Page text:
The architecture, culture, history, and art of Kars are characterised from having been molded over the centuries at the crossroads of three empires – the Russian, the Turkish, and the Persian – which in different ways are still present. Georgian, Armenian, Greek, and Kurdish influences are visible in the underlayer of these. Carpets and rugs bear resemblance to the Caucasian, and the Tula samovars still simmer in the cafés. The modern city plan is clearly Russian, as the city belonged to the Russian empire during 1878-1921, when there was an ambition to build a "petit Peterbourg" at the foot of the Caucasus. Straight boulevards lined with proportionate Russian 19th century architecture still remains an emblem of Kars. Above the city, the castle dating back to the Bagrationi era hovers. Beneath it, the mossy Armenian cathedral of the Apostles soars aloft, saved for posterity as a mosque, with iconostasis remaining and the addition of wall-to-wall prayer carpeting.

With Russian rule from 1878, the modern history of Kars was begun. Having been a century old bone of contention between the Ottoman and Russian empires, with recurrent Russian sieges and conquests in 1807, 1828, and 1855, Kars eventually was awarded Russia due to the San Stefano peace agreement concluding the 1877-78 Turco-Russian war. Thus, the Turks were driven out of the region until the Russian revolution.

In 1892, the population of the Kars region consisted of 24% Turks, 21.5% Armenians, 15% Kurds, 14% Azeris, 13.5% Greek, 7% Russians, and 5% Turkmen. After the 1918 peace of Brest-Litovsk, Kars faced turbulent years. At first, the region befell the Southwest-Caucasian Republic, only to be occupied by the Democratic Republic of Armenia in 1919. By the 1920 Turko-Armenian war and the Alexandropol agreement, Kars was returned to Turkey. Still, before the ink had dried, the Bolsheviks conquered Armenia and the Kars issue was yet again unresolved.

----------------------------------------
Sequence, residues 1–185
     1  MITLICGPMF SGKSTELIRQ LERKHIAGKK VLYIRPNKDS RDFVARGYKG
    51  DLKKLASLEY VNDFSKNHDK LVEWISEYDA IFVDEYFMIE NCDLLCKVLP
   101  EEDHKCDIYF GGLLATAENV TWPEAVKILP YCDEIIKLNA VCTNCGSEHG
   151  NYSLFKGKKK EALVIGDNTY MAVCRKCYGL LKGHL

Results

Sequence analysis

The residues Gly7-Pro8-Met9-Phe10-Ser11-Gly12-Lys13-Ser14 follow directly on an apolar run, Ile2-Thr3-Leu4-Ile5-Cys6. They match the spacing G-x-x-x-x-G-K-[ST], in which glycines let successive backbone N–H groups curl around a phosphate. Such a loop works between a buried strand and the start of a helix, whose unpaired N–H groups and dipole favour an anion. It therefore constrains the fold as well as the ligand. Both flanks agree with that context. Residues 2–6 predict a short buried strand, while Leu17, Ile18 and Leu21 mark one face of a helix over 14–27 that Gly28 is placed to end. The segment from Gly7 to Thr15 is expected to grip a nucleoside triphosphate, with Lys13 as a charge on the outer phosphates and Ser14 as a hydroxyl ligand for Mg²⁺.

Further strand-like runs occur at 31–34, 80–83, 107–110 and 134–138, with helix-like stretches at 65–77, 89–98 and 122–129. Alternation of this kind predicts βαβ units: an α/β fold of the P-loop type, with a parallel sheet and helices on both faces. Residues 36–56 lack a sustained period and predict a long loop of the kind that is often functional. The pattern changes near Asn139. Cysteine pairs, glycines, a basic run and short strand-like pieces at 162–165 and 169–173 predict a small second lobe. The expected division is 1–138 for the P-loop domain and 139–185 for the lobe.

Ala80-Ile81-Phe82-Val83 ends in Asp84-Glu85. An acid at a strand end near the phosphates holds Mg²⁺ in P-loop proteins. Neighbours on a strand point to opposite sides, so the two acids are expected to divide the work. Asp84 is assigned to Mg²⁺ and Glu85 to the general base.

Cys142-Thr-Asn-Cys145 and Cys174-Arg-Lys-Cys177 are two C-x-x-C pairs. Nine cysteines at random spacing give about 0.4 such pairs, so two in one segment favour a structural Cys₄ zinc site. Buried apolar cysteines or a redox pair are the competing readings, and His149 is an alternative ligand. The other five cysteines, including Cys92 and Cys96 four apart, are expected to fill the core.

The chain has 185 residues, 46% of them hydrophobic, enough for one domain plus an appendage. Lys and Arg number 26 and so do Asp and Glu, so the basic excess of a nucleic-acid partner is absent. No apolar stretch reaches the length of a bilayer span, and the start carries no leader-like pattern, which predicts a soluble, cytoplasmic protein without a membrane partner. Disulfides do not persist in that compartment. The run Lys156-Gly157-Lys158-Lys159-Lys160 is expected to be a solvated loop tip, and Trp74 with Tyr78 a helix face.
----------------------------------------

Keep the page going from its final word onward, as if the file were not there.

It was only by the 1921 Kars agreement, between the RSFSR and the even younger Turkish Republic, that the border was finally regulated and Turkey regained its reign over the region. In the light of history, it was an agreement between two in many ways strikingly similar new regimes that had been made: Revolutionary Russia and Republican Turkey – both infant states after the imperial downfalls caused by WW I. That this legacy is still cherished is evident by the fact that the train wagon, in which the Kars agreement was signed, still remains in the city, as a memorial to the imperial struggle over the region. A question of interest in this context is how Turkeys' and Soviet Russia's obvious ability to enter into international agreements (for Turkey this might actually have been the first as the Republic was formally proclaimed several years later) influenced world perceptions of the growing capacities of these new states.

The loss of Kars for long remained an open wound in Soviet self-image. After WW II, Stalin thus prepared to reconquer the region. He was prevented in this ambition only by the determined veto of Churchill.

Kars forms part of current Turkey, but still remains in its periphery. Gradually, the city sets its imprints on the mental map even beyond the literary legacy of Pamuk. Last autumn, it hosted an international film festival on a European theme. The city takes part in cross-border cooperation activities in the Caucasus and within the Black Sea cooperation. In today's dynamic Turkey, Kars might perhaps find its own way to link its multi-faceted historical heritage to the challenges that future brings.

Text: Vilhelm Konnander & Josa Kärre
Pictures: Josa Kärre

1 comment:

Maral said...

Dear Vilhelm,

You have a very interesting blog, good work. I also wanted to thank you for stopping by and commenting at my posts (in my blog). I don't know why your post didn't show up at my blog, but to answer your question about the background music of "The Armenian Affairs", it is an old Armenian folk song, it's titled "Groong".

Keep Up The Good Work
Yours sincerely,